Day Away

April 4, 2009

Keeseville: Layers of history

As winter yields to warmer weather, I can finally put away the Nordic Trak and begin exercising outdoors.

Adirondack trails are still too muddy, but it's a good time to do some walking around town.

Adding a sense of history to walks makes them more enjoyable, as I've tried to demonstrate in my most recent book, "One Foot Forward: Walks in Upstate New York." A lengthy stroll around Keeseville continues in that spirit.

Last summer, I joined a tour led by Adirondack Architectural Heritage (AARCH) Executive Director Steve Engelhart. It didn't take much to see that the rapids of the Ausable River led to Keeseville's initial settlement. Along with water power, there was ample forest for lumbering, sandstone to be quarried from the riverbed and iron from nearby Arnold Hill and Palmer Hill.

Gristmills and sawmills came first. A woolen mill, the Adirondack Twine Company and a brewery followed. By 1864, there was enough demand for fine wood products that R. Prescott Furniture, Sash, and Blind Manufactory became established. And there was Keeseville's most unique contribution, the manufacture of horse nails.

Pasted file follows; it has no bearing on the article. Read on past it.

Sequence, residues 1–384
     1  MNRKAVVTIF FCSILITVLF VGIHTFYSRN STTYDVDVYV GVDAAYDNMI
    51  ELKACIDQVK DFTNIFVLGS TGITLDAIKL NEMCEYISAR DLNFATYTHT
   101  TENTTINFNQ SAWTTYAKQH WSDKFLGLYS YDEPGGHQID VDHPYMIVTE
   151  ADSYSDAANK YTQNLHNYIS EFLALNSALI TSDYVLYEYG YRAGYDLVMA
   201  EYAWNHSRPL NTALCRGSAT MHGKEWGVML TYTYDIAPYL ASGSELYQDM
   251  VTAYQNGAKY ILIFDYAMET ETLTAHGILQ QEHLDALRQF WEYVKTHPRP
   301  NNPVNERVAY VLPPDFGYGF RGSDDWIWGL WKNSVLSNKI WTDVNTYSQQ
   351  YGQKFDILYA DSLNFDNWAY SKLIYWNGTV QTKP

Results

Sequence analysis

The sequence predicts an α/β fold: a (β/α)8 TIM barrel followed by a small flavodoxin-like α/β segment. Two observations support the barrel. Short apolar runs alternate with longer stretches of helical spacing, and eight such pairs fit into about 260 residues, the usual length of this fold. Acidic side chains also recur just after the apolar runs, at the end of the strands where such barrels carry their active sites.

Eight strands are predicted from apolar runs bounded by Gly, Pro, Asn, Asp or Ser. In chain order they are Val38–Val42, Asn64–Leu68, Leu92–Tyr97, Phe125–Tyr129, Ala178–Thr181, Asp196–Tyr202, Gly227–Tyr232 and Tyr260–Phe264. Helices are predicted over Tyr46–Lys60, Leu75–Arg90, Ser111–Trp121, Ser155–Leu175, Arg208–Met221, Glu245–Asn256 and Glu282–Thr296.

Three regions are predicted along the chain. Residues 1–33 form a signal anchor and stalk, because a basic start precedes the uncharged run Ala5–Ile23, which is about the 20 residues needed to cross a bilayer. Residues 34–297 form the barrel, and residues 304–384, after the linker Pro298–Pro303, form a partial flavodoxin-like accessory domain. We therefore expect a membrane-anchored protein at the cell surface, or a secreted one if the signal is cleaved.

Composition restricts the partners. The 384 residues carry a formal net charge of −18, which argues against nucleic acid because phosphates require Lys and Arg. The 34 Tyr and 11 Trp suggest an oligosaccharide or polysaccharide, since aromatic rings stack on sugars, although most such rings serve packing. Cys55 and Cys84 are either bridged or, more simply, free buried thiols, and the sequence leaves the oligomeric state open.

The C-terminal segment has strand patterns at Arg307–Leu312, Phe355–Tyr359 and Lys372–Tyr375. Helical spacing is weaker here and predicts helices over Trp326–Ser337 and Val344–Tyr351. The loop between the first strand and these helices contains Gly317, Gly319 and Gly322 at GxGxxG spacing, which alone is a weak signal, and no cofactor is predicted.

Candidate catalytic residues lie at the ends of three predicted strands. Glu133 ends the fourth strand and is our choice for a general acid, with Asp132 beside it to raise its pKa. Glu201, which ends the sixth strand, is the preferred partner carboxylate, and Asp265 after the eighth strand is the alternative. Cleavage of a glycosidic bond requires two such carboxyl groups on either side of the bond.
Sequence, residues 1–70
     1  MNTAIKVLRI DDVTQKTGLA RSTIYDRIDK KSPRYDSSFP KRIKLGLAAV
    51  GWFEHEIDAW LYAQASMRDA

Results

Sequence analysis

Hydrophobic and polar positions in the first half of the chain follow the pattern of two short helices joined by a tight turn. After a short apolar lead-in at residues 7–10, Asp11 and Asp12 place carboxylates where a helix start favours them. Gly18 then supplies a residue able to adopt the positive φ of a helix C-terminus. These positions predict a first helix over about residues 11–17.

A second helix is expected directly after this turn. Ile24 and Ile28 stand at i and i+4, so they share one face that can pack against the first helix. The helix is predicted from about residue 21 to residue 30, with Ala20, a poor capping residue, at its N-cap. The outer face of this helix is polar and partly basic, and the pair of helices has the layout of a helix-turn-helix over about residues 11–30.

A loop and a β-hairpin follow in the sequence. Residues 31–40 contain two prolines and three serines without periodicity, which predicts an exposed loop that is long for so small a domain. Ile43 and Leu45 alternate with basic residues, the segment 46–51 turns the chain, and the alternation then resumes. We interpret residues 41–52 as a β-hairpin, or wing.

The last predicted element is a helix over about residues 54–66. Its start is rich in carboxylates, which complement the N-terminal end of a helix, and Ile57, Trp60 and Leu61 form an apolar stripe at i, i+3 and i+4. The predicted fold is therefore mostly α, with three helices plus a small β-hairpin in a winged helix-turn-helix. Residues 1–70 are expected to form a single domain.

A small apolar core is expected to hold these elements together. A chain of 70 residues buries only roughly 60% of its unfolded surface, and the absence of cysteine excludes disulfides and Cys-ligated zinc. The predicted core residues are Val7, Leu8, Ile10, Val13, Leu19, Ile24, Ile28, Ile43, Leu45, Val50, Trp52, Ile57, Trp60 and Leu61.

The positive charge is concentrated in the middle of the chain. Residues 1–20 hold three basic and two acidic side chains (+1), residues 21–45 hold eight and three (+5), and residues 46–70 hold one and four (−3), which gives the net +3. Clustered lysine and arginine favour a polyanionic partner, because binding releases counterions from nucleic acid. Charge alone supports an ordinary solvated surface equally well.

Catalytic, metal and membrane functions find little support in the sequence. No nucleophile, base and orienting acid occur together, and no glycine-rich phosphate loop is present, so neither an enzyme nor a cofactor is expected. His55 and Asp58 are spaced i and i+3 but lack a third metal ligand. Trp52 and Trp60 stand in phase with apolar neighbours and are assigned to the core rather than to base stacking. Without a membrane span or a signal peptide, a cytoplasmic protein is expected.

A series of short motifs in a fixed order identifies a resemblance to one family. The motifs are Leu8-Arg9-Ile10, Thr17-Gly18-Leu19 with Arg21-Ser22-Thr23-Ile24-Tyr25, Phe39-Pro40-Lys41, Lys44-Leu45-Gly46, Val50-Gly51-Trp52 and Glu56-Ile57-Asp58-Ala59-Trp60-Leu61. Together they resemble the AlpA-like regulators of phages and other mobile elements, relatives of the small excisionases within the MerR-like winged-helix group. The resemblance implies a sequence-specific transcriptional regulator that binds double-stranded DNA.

Start at Riverside Park. Only part of a stone wall and the circular opening where the flume spilled out remain from the former five-story Prescott complex. When sashes, blinds, doors and architectural ornamentation became unprofitable, the firm switched to fine furniture. Forays into wooden radio and television cabinets let Prescott survive decades longer. Low-slung stone buildings across the river held the Ausable Horse Nail Company. Once, nails were cut laboriously by hand; they were so valuable that abandoned homes would be burned just so these slivers of metal could be saved. Then came the issue of horseshoes.

Enter Daniel Dodge, an ingenious Keeseville blacksmith. He sought a machine for stamping nails that would be sturdy, consistent and cheap for daily use. In 1862, he gained his patent and opened the Eagle Nail Company along the Ausable River.

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